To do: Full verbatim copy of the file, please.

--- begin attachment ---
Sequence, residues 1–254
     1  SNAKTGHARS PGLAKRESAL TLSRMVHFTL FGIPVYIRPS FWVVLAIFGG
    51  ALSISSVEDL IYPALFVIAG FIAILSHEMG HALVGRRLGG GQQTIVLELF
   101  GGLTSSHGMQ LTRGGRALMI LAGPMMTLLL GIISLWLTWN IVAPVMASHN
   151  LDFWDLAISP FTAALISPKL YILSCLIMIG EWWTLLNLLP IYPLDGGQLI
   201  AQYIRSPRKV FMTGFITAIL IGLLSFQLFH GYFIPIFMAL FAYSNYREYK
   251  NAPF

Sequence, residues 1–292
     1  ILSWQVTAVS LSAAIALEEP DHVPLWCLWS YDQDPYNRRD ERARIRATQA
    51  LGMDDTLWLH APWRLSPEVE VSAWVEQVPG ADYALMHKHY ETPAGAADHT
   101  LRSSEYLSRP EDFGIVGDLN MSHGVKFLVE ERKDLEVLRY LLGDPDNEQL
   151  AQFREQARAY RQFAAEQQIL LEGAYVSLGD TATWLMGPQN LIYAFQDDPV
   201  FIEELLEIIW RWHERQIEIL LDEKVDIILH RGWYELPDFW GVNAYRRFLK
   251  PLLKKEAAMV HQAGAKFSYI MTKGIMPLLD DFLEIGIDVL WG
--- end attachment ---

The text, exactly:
Sequence, residues 1–254
     1  SNAKTGHARS PGLAKRESAL TLSRMVHFTL FGIPVYIRPS FWVVLAIFGG
    51  ALSISSVEDL IYPALFVIAG FIAILSHEMG HALVGRRLGG GQQTIVLELF
   101  GGLTSSHGMQ LTRGGRALMI LAGPMMTLLL GIISLWLTWN IVAPVMASHN
   151  LDFWDLAISP FTAALISPKL YILSCLIMIG EWWTLLNLLP IYPLDGGQLI
   201  AQYIRSPRKV FMTGFITAIL IGLLSFQLFH GYFIPIFMAL FAYSNYREYK
   251  NAPF

Sequence, residues 1–292
     1  ILSWQVTAVS LSAAIALEEP DHVPLWCLWS YDQDPYNRRD ERARIRATQA
    51  LGMDDTLWLH APWRLSPEVE VSAWVEQVPG ADYALMHKHY ETPAGAADHT
   101  LRSSEYLSRP EDFGIVGDLN MSHGVKFLVE ERKDLEVLRY LLGDPDNEQL
   151  AQFREQARAY RQFAAEQQIL LEGAYVSLGD TATWLMGPQN LIYAFQDDPV
   201  FIEELLEIIW RWHERQIEIL LDEKVDIILH RGWYELPDFW GVNAYRRFLK
   251  PLLKKEAAMV HQAGAKFSYI MTKGIMPLLD DFLEIGIDVL WG